U.S.Trade Preferences Decison: Update


A delegation representing the Fijian Government today attended the hearing of a petition before the Generalized System of Preferences Sub-committee (“GSPSC”) at the United States Trade Representative Office in Washington DC.

The petition seeks to remove Fiji from the list of eligible beneficiaries of the Generalized System of Preferences.  

The delegation was led by the Acting Solicitor-General Sharvada Sharma, and included His Excellency Ambassador Winston Thompson, Principal Legal Officer from the Solicitor-General’s Office, Salaseini Serulagilagi, and First Secretary, Ray Baleikasavu.

Addressing the GSPSC, the Acting Solicitor-General updated the members of GSPSC about the constitutional processes that have been implemented by the Fijian Government. This includes an inclusive nation-wide dialogue process by an independent Constitutional Commission that will result in the promulgation of a new Constitution in early 2013; and lead to Fiji’s first non-race-based democratic elections by September 2014. The non-negotiable principles which will be incorporated in the Constitution are: a common and equal citizenry; a secular State; removal of systemic corruption; an independent judiciary; elimination of discrimination; good and transparent governance; social justice; one person, one vote, one value; elimination of ethnic voting; proportional representation; and a voting age of 18 years.

The GSPSC was also informed that with the lifting of the Public Emergency Regulations (PER) in January 2012, Fiji is now operating under the amended Public Order Act. This amendment provides internationally accepted, modern laws to combat terrorism, racial and religious vilification, and other serious public order offences. With the implementation of the constitutional consultation process, all persons and organizations, including trade unions are now able to hold public meetings without the need for a permit or other form of advance notice. In addition, all forms of media censorship have been wholly removed.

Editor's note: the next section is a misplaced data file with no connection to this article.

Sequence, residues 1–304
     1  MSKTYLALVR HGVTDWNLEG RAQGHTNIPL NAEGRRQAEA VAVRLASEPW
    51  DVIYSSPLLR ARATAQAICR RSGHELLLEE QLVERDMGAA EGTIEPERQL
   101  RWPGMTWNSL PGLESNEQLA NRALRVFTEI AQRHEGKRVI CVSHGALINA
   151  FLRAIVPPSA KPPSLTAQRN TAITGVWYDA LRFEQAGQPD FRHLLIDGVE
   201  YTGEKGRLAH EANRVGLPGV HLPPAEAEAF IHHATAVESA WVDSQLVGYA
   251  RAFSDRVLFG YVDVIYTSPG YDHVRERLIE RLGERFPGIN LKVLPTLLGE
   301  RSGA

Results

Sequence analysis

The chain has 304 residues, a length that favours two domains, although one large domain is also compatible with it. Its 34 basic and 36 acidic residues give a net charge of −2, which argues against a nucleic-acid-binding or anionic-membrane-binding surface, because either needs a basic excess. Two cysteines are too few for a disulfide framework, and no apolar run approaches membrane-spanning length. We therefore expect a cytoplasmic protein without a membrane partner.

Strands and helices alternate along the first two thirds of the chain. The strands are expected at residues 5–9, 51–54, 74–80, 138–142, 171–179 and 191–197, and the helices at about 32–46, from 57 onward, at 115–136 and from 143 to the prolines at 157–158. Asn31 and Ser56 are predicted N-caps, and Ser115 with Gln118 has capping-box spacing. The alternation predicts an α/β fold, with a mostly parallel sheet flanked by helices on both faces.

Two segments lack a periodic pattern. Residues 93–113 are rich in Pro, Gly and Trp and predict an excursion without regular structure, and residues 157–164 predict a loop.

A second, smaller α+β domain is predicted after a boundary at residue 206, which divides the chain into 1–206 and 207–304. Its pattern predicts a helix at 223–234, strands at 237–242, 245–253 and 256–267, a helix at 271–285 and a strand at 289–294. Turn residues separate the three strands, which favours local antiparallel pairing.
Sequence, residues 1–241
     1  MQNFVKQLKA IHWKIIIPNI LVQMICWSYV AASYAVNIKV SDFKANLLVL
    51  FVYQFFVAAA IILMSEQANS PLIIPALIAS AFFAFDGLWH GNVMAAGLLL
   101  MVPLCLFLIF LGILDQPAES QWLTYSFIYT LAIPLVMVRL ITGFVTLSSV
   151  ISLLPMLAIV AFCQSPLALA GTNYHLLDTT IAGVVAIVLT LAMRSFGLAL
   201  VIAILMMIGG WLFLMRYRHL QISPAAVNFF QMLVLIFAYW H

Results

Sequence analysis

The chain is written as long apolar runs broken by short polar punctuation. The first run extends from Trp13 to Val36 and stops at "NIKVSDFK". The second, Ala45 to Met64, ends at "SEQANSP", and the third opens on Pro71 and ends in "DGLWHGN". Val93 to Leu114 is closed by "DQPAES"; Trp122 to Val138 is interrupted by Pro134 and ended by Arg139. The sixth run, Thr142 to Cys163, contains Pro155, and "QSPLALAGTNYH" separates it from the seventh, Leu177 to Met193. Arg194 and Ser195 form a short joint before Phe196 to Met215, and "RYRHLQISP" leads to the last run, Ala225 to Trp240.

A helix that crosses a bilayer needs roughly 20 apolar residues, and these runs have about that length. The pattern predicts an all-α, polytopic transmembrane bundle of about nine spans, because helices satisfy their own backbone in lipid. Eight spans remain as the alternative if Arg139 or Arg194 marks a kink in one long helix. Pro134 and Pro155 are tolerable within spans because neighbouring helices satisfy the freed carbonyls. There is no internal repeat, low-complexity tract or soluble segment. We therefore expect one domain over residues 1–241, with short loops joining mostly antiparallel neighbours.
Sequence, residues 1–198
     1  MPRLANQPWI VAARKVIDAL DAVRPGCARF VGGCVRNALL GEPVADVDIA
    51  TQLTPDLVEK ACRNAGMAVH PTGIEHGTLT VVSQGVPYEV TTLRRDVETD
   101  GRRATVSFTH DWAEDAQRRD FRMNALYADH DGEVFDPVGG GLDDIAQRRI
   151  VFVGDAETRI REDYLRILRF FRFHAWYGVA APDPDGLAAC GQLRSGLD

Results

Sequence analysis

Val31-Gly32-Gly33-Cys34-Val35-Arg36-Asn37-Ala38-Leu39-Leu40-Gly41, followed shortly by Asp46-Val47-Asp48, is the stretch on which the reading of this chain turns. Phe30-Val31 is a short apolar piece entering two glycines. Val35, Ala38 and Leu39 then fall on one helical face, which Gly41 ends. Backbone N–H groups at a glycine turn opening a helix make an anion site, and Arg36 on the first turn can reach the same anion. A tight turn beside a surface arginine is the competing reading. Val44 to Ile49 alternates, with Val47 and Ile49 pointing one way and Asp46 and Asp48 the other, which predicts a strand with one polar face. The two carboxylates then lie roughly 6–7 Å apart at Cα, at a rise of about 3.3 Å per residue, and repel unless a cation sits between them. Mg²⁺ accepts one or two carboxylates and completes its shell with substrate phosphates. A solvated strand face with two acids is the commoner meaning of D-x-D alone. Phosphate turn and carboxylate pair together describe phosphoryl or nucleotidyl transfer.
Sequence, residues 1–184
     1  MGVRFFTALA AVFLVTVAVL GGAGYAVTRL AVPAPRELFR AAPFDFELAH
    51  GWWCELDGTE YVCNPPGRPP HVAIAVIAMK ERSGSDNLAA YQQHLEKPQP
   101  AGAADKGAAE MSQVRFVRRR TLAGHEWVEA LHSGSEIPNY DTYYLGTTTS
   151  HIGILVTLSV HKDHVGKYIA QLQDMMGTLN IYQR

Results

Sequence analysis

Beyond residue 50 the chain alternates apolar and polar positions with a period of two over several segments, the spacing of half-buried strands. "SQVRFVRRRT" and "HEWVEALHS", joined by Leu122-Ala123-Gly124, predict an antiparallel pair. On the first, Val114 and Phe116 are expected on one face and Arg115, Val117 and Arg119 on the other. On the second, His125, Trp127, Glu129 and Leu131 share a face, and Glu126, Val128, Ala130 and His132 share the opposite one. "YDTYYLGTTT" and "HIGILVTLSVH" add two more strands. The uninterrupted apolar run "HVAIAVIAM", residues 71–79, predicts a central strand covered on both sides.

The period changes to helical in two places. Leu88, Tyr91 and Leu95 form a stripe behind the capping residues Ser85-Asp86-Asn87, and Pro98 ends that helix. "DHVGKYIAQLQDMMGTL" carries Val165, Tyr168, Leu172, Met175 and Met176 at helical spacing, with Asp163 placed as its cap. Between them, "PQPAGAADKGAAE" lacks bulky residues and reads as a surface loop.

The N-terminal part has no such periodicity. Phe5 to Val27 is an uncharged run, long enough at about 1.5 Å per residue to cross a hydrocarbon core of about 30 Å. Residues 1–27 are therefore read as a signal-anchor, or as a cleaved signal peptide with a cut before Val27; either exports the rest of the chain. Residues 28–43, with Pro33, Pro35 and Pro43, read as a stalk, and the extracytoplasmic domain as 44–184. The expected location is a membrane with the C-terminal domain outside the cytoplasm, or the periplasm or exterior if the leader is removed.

GSPSC was also updated on numerous other recent worker-related reforms in Fiji, including the implementation of substantial income tax reduction for workers, a National Employment Centre, a soon-to-be-established National Minimum Wage for Fijian workers, and a no-fault compensation scheme for injury at work.  

In terms of the Essential National Industries (Employment) Decree 2011 (“Decree”), GSPSC was informed that the intention of the Decree is to ensure the viability of specific industries that are vital to the Fijian economy and GDP.  The Decree is designed to protect jobs, while safeguarding the fundamental rights of workers. It does not destroy the trade union movement in Fiji, as has been alleged.

It was also stressed to the GSPSC that under this Decree, workers continue to have fundamental rights, including the right to organize; form unions; independently vote for representatives; bargain collectively; and develop processes to resolve employment disputes and grievances. It was also highlighted that the Decree is not unique as its key provisions are comparable to that of the U.S. National Labor Relations Act and laws in the United Kingdom and Ireland.

GSPSC was also informed about the successful implementation of the Decree in essential industries where workers have freely organized, formed bargaining units, and elected representatives. Furthermore, they have successfully reached collective agreements with employers and have devised their own dispute resolution processes.

The Fijian Government’s concerns with respect to the impact of the loss of GSP to Fiji and the Fijian workers were also emphasised at the hearing. Currently, 39 Fijian companies export Fiji’s products into the US market under the GSP system.  In 2011 alone, this generated $57 million in export revenues. If GSP were lost, worker layoffs of about 15,000 workers would be the only option for affected companies and would adversely affect 75,000 Fijians (over eight percent of our population).

Government affirmed its commitment to a future of equality and opportunity for all Fijians. This includes ensuring that the rights of its working people are protected and extended.  The Fijian Government made this promise not only to the United Nations but also as the newly chosen Chair of the G-77 for 2013. 

In addition, GSPSC was informed that, in order to address the lack of bilateral relations between the Fijian Government and the US Government, a bilateral informal dialogue process could be established with appropriate U.S. trade and labour officials to assist all parties in obtaining true facts about the rights of workers in Fiji.  

The Hearing concluded with answers being provided to questions raised by the GSPSC to correct inaccurate information and to give further factual information. Following detailed discussions, GSPSC has now invited both the Government and the petitioner to present post-hearing written submissions within 3 weeks.


%$#@! said…
sanctiosn by another name sounds good to me. Clearly fijians are not hurting enough to get rid of this regime.Perhaps additional pressure and unemployment might just assist them after all we would want the military to get too complacent.

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